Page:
Many manufacturing executives can relate to Deere & Co.'s dilemma. The company's Worldwide Commercial & Consumer Equipment Div. (WC&CED), like many businesses today, has outsourced a significant portion of its production work.

In fact, at the division's Horicon (Wis.) Works, purchased parts represent fully 82% of the cost of goods sold. As a result, WC&CED -- which makes small tractors and commercial mowing equipment -- has grown increasingly dependent on its supplier base. Yet the suppliers' lack of flexibility and long leadtimes presented a problem when the division began to devise a strategy to more closely synchronize its production with seasonal demand, which peaks in April-June and drops off dramatically the rest of the year.

Deere's dilemma is indicative of a larger challenge facing manufacturing executives: How do they position their firms in the "value chain" -- the entire series of activities that begins with the processing of raw materials and ends when a finished product is in the hands of the end user?

Frequently, facing this challenge starts with an examination of the company's core competencies -- the things it does best in creating value for customers. And often the result, as in the case of Deere WC&CED, is to become less vertically integrated -- to outsource production or logistics or other functions.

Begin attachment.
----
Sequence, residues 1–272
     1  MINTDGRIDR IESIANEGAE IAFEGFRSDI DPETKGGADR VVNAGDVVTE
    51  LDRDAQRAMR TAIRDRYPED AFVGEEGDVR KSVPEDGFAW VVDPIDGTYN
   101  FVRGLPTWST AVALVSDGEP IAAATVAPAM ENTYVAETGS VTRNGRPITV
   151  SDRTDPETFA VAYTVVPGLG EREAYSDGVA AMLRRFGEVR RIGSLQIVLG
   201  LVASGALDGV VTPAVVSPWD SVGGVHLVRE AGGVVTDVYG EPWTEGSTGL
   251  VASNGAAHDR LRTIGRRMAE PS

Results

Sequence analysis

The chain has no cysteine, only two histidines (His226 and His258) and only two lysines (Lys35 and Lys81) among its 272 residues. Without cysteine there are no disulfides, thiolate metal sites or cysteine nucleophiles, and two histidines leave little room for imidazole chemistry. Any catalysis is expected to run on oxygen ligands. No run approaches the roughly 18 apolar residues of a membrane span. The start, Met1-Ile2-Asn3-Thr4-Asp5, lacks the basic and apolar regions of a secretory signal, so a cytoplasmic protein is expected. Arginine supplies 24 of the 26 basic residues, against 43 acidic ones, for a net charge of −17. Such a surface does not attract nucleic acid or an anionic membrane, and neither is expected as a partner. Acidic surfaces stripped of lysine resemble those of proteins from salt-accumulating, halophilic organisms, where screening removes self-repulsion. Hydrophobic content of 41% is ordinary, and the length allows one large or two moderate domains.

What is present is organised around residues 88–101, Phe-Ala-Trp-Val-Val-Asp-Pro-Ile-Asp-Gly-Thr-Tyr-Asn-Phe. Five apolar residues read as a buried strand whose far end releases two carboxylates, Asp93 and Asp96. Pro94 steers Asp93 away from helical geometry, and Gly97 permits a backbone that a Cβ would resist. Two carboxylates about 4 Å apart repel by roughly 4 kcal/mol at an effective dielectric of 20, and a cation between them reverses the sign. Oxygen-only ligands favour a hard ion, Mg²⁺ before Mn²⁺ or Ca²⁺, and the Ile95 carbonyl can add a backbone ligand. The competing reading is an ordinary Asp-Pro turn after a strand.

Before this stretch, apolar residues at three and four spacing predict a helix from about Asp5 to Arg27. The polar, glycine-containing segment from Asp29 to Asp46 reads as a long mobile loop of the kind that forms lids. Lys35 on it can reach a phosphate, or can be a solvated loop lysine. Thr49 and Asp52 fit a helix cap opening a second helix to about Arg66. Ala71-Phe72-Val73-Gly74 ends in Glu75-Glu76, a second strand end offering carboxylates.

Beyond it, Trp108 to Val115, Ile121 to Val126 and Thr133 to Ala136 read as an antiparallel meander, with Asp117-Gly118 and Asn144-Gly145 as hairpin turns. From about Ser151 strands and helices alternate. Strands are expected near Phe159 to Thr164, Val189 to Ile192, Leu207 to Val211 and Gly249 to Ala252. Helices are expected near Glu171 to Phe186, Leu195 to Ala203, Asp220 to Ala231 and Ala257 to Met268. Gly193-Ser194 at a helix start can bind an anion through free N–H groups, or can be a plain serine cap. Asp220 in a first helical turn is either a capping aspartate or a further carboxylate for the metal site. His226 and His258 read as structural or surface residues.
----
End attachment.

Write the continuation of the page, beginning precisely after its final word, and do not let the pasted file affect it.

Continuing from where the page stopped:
However, outsourcing can result in loss of control over key capabilities, which, in turn, can affect a company's ability to introduce changes in response to shifts in the marketplace -- or simply to improve its efficiency in serving customers. Consequently, there has been a growing impetus to find ways to manage the "extended enterprise "-- to build collaborative relationships and improve both the flow of materials and information throughout the value-creating pipeline. o

The scope of the challenge extends beyond traditional supply-chain management, although that is a key element. For manufacturers, one distinction of the value chain is that it extends in both directions and encompasses trading partners ranging from the supplier's supplier to the customer's customer. Another is the increasing focus on working with trading partners to collectively increase speed, pare costs, and enhance the end customer's perception of value.

Shaping a strategy that reflects the reality of the downstream marketplace often leads to new approaches to upstream supplier management.